After his accident people wondered how Christopher Reeve maintained a positive attitude. He answered, “I believe you have two choices in life. One is to look forward and the other is look backward. To look backward gets you nowhere.”
Don’t miss his key point … looking forward. Business advisor Allan Cox reinforces that point. He says, “Achievers have an attitude of expectancy. They minimize their losses. They do not grieve over failures or what might have been. Achievers look around the corner in anticipation of the good things that still await them.”
In other words, you keep a positive attitude by thinking more about the future than the past. Or in Arthur Bryan’s words, “Live out your imagination, not your history.”
I’ve found one of the best ways to do that is to give myself a pep talk. Ruben Gonzalez agrees. He says, “It’s easy to get down when things aren’t going your way. After a bad luge run, sometimes I walk up and down the track for 20 minutes, saying: ‘I can do it! I will make it, because there’s always a way!’ When you get down, pick yourself up and give yourself a pep talk.”
5. Give trying the respect it deserves.
You’ve probably heard some version of the saying, “Do or do not do; there is no try,” which is most often attributed to the Star Wars character Yoda. And it tends to imply there’s something wrong with “trying.”
Well, yes and no. If the quote is used to motivate an employee to do whatever it takes to succeed, if the quote is used to get an employee past a whiny “I’ll try” response, it may be quite appropriate. But there are other times that “trying” should be encouraged and respected. “Trying” may be an excellent way to learn what works and doesn’t work when it comes to getting through your challenges.
For example, the manager of a retail store may encourage a struggling salesperson to try out several ways of approaching customers as they enter the store. The clerk might walk up to the customer, look her in the eye, and offer help. Alternatively, the clerk might make eye contact, say “Hi” in a friendly way, and tell the customer to let him know if she needs any help. The salesperson is bound to learn what works better by “trying” a few different approaches.
So if you’re dealing with a challenge, don’t put yourself down because you don’t know exactly what to do. Try a few different things.
6. Avoid the blame game.
Sometimes you have work challenges or personal problems that you caused. Take responsibility for your screw-up and then do the five things listed above to get past your situation. But do not wallow in self-degradation.
Other times you have to deal with difficulties you did not cause or difficulties over which you have no control. If you blame yourself for those situations, you cannot get better.
It’s like the children who blame themselves for their parents’ divorce, or the person who blames himself for his friend’s suicide attempt, or the coworker who blames herself for her alcoholic coworker’s job loss. All those people tend to think, “If only I had been more supportive … loving … helpful … or … aware … this wouldn’t have happened.”
While it’s true we’re quite interdependent as human beings, that is not the same thing as assuming responsibility for another person’s actions. You must be an influence for good wherever you can … without blaming yourself for the troubles of other people … or asking them to take responsibility for yours.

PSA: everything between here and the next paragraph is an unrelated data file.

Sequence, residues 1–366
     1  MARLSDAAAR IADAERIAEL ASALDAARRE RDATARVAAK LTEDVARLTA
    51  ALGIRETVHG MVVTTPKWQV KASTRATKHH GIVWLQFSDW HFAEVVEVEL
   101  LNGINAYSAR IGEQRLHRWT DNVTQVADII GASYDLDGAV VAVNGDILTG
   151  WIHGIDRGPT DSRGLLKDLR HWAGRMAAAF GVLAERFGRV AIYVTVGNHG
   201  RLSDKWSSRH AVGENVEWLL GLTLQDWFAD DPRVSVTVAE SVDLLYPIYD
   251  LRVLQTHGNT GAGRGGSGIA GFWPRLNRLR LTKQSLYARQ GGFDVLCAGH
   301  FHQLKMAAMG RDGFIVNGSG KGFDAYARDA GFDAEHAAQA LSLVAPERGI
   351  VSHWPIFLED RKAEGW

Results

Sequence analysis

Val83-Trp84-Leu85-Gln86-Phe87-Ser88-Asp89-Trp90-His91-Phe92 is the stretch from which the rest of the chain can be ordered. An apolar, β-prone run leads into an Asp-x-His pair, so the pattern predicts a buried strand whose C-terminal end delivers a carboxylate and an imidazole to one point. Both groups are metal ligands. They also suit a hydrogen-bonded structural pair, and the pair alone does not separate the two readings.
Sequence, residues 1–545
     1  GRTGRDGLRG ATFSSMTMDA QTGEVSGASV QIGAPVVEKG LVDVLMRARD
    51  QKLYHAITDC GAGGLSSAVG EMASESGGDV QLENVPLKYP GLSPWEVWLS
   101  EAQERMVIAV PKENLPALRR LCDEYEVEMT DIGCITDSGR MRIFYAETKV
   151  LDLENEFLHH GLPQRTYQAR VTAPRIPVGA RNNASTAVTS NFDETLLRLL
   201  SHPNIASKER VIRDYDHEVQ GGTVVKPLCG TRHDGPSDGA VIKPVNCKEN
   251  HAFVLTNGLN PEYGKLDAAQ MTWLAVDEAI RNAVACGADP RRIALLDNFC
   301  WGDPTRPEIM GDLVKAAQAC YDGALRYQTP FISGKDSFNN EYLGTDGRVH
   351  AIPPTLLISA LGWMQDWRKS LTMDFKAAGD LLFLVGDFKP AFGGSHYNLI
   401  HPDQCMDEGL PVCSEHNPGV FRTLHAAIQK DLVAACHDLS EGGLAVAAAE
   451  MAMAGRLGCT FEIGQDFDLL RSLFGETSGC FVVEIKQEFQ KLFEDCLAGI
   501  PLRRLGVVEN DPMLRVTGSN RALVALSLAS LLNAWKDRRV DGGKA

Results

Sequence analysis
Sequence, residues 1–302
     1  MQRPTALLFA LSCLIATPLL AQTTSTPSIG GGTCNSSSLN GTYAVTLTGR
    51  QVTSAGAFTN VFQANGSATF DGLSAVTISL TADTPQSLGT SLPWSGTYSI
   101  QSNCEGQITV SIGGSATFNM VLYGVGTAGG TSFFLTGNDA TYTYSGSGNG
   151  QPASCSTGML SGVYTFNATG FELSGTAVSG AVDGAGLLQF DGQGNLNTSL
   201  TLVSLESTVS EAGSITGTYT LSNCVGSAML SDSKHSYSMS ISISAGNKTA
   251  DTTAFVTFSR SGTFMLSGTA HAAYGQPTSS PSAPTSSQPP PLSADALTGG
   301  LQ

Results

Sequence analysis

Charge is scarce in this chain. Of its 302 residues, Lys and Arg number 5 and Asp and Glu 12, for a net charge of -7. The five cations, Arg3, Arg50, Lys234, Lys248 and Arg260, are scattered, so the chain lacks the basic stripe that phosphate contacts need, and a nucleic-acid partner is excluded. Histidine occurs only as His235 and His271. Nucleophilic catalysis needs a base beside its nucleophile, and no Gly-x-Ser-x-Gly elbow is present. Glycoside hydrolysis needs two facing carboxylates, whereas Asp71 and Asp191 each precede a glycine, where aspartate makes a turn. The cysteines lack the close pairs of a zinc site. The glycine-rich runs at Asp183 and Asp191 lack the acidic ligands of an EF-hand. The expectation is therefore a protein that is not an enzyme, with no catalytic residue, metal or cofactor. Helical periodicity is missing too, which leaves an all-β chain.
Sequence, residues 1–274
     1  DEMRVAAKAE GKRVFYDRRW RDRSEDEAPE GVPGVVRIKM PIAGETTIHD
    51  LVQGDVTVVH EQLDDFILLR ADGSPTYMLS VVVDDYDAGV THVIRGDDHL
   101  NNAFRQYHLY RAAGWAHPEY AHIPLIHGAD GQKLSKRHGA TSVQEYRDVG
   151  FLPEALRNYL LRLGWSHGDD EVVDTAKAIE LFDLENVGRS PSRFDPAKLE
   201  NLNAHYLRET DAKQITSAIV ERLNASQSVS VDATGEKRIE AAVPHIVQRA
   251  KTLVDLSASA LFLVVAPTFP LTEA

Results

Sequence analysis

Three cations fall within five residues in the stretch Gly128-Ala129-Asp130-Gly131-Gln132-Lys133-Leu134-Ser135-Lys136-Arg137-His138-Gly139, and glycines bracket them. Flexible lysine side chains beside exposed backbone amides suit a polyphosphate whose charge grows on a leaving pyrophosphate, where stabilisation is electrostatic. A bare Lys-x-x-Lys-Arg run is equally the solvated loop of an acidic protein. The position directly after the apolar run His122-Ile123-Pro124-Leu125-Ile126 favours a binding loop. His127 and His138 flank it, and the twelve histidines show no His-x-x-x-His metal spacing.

7. Tackle your troubles WITH somebody else … if possible.
After Reeve had his accident, after he became paralyzed, he started speaking at success seminars and continued to speak at them until his death in 2004.
Of course, his audiences wanted to know how he defined success, now that he was no longer a movie star and no longer able to move. His definition had nothing to do with fame or fortune. It all came down to relationships. He said, “I think it really means letting the relationships in your life grow and transcend into the highest levels they possibly can. It also means not putting yourself first in life and remembering that the more you give away, the more you have.”
In other words, his accident helped him realize the critical importance of relationships, and those relationships helped him move through his challenges.
I totally agree with him. On the second day of my “Journey to the Extraordinary” program, which is focused on building more effective relationships on and off the job, I tell the people, “If you think relationships are a lot of work, trying doing everything all by yourself.” So tackle your troubles WITH somebody else … if possible.
And finally, in your efforts to get past your challenges, there’s one sure way to know that you’re making progress. And that is …
8. Move on to a new problem.
If you keep dealing with the same problems with your boss, coworker, customer, spouse, kid, or friend, week after week or even year after year, you haven’t learned much about the process of mastering and overcoming challenges. John Foster Dulles, one of the most distinguished statesmen of the 20th century, put it very insightfully, “The measure of success is not whether you have a tough problem to deal with, but whether it is the same problem you had last year.”
The point is … every time you get through a challenge, do more than say, “I’m glad that’s over with … Thank heavens … or … Good riddance.” Take a few minutes to sit down and think about what you learned. In fact write down your learning in a journal so you don’t have to learn the same lesson twice.
Follow Karen Post’s example. As the founder of the online Oddpodz community, she advises, “My universal recommendation on facing challenges is simple: Learn from them and shake them off quickly.”